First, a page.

Black Ribbon New Zealand
Ending Domestic Violence for Everyone!

Disability Abuse

Disability abuse is when a person becomes a victim of abuse because they have a disability. Victimization can include physical violence, sexual violence, psychological or emotional abuse, and neglect. Because abuse is about power and control, people with disabilities may face unique challenges and barriers to accessing support.

Current knowledge about victimisation of persons with disabilities is based on a small number of studies, and little is known about victimisation of specific groups such as persons with traumatic brain injury. 

While anyone can experience violence, abuse or neglect, people with disabilities are at greater risk. Persons with disabilities are 4 to 10 times more likely to become a victim of violence, abuse, or neglect than persons without disabilities. Children with disabilities are more than twice as likely to be physically or sexually abused as children without disabilities.


Risks for people with disabilities:

  • Misperceptions about disability include “having a disability protects a person from victimization”; the risks to a person with disabilities are thought to be less than the risks to a person who has none.
  • Unemployment or underemployment of persons with disabilities restricts their income and limits their choices for caregivers, leading to an increased risk of physical and sexual violence, emotional abuse, or neglect.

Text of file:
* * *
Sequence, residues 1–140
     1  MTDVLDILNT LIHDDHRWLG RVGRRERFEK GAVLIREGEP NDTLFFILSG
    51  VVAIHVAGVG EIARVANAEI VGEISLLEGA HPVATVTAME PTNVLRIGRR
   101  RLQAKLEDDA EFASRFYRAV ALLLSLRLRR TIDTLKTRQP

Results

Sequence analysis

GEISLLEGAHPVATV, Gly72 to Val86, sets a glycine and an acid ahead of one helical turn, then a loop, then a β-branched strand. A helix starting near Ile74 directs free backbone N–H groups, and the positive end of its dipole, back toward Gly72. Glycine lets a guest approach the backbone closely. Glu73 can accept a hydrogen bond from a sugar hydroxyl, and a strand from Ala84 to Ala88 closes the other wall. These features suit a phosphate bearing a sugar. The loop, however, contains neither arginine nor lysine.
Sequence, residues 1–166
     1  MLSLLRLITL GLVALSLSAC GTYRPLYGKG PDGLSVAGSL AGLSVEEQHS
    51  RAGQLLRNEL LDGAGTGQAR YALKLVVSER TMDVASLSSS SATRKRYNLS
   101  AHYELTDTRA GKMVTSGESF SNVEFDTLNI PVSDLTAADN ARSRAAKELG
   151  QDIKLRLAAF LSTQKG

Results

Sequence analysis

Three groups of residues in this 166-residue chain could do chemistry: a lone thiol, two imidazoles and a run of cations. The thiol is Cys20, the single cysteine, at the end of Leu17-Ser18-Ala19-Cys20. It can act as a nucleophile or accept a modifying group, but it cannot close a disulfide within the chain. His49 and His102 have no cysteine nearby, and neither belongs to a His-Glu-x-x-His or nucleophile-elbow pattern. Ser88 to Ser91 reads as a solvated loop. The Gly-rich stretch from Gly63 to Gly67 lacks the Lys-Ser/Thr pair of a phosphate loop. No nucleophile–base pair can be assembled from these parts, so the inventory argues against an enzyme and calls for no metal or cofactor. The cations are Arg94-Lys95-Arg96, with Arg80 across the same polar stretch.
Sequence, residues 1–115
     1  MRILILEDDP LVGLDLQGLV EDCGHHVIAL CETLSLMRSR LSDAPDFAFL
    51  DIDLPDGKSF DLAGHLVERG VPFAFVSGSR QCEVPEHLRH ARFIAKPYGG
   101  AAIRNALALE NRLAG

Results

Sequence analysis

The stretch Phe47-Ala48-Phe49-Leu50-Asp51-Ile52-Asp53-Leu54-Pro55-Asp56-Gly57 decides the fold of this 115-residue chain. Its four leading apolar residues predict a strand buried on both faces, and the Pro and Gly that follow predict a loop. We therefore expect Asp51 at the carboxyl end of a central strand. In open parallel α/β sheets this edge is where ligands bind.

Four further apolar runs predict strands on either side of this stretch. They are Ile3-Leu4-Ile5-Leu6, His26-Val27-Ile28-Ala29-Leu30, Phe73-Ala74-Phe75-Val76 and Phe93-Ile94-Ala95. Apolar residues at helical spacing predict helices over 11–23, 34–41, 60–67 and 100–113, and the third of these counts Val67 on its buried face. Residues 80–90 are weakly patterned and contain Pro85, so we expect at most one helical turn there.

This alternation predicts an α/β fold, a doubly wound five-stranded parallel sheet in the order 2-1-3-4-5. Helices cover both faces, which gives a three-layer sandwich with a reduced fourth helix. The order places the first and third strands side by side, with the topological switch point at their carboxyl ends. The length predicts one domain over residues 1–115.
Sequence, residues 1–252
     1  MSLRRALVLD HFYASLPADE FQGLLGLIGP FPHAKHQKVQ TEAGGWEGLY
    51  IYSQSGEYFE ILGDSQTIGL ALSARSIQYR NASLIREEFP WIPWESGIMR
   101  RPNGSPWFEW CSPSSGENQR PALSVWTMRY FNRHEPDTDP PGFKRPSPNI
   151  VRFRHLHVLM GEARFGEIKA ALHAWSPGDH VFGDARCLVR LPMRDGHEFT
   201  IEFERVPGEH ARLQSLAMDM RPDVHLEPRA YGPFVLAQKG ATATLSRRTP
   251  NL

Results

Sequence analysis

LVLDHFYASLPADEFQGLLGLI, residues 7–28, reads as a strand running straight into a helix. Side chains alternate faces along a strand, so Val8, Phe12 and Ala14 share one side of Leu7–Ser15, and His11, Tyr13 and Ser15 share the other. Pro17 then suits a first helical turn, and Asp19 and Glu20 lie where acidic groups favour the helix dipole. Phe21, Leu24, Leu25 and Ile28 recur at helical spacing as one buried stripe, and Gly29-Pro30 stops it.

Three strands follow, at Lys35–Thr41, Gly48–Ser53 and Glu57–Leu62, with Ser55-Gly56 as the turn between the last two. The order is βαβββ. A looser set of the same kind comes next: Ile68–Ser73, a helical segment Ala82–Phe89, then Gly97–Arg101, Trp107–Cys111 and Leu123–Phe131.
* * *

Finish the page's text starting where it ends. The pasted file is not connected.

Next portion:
• Lack of money often causes persons with disabilities to live in areas where crime rates are high and the potential for physical and sexual violence is greater than in wealthier neighborhoods.
  • Community resources for victims of physical and sexual violence, emotional abuse, or neglect are usually designed to assist people without disabilities. Organizations that provide such resources do not routinely collaborate with organizations that assist persons with disabilities.
  • Frequently, health care and law enforcement professionals are uninformed about victimization of persons with disabilities. Thus, they may not have the specialized knowledge or skills to identify and assist these individuals when victimized.
  • Some people don’t report abuse and neglect because they are ill, frail or have communication difficulties. Others think that:
    • they will experience more abuse
    • no one can help
    • there is no proof
    • they deserve it
    • it is too shameful
    • it is a family problem
    • they should keep on coping
    • they might lose their caregiver
    • their caregiver will institutionalize them